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The clinical usefulness of prognostic prediction models in critical illness

  • Tim Baker
    Correspondence
    Corresponding author at: Global Health—Health Systems & Policy, Department of Public Health Sciences, Karolinska Institutet, Stockholm, Sweden.
    Affiliations
    Global Health—Health Systems & Policy, Department of Public Health Sciences, Karolinska Institutet, Stockholm, Sweden

    Perioperative Medicine & Intensive Care, Karolinska University Hospital, Stockholm, Sweden

    Department of Anaesthesia & Intensive Care, Queen Elizabeth Central Hospital, Blantyre, Malawi
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  • Martin Gerdin
    Affiliations
    Global Health—Health Systems & Policy, Department of Public Health Sciences, Karolinska Institutet, Stockholm, Sweden

    Department of Clinical Science, Innovation, and Technology, Karolinska Institutet, 171 77 Stockholm, Sweden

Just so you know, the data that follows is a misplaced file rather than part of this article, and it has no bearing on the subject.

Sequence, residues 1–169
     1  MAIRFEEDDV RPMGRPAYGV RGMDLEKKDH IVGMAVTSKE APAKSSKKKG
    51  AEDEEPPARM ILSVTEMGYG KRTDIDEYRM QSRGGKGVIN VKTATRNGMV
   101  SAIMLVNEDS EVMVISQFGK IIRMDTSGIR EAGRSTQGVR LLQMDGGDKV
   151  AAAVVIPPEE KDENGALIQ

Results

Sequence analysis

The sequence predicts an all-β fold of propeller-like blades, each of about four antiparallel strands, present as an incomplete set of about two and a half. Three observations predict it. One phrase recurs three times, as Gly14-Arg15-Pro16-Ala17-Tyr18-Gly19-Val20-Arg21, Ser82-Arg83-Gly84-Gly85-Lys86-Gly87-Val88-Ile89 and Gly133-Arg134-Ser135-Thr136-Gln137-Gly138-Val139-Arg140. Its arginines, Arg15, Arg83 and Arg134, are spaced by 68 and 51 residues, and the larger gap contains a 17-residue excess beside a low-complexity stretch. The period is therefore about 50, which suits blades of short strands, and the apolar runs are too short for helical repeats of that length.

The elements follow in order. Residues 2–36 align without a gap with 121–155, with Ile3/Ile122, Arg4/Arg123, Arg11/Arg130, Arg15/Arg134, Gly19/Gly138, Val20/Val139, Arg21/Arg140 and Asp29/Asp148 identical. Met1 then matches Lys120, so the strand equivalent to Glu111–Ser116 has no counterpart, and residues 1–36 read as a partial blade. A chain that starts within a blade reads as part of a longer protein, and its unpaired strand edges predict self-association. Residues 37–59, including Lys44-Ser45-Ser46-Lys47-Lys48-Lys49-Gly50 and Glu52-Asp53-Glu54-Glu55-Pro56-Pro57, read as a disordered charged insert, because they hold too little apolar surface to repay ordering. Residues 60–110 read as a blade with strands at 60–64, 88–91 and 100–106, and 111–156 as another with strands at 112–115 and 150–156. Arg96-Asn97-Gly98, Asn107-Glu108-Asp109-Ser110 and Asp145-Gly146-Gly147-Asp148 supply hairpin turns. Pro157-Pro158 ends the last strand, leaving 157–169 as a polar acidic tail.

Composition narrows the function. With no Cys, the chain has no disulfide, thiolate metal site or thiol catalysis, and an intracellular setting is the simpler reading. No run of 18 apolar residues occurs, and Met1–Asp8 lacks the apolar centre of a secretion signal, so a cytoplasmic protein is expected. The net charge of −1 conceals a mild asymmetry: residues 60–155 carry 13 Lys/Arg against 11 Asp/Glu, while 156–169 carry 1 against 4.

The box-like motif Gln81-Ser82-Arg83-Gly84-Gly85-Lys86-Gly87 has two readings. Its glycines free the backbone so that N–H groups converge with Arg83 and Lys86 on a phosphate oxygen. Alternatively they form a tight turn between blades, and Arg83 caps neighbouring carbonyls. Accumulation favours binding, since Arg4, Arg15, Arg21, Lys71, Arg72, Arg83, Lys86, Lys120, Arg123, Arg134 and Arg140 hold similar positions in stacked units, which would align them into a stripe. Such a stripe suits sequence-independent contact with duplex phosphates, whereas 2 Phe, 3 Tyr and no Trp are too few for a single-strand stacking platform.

Search for articles by this author
Published:September 19, 2017DOI:https://doi.org/10.1016/j.ejim.2017.09.012

      Highlights

      • Prognostic prediction models are widespread within acute and critical care.
      • To be clinically useful they should have a good predictive performance, be user-friendly and guide important decisions.
      • Intervention research is required to evaluate their impact on patient outcomes.

      Abstract

      Critical illness is any immediately life-threatening disease or trauma and results in several million deaths globally every year. Responsive hospital systems for managing critical illness include quick and accurate identification of the critically ill patients. Prognostic prediction models are widely used for this aim. To be clinically useful, a model should have good predictive performance, often measured using discrimination and calibration. This is not sufficient though: a model also needs to be tested in the setting where it will be used, it should be user-friendly and should guide decision making and actions. The clinical usefulness and impact on patient outcomes of prediction models has not been greatly studied. The focus of research should shift from attempts to optimise the precision of models to real-world intervention studies to compare the performance of models and their impacts on outcomes.

      Keywords

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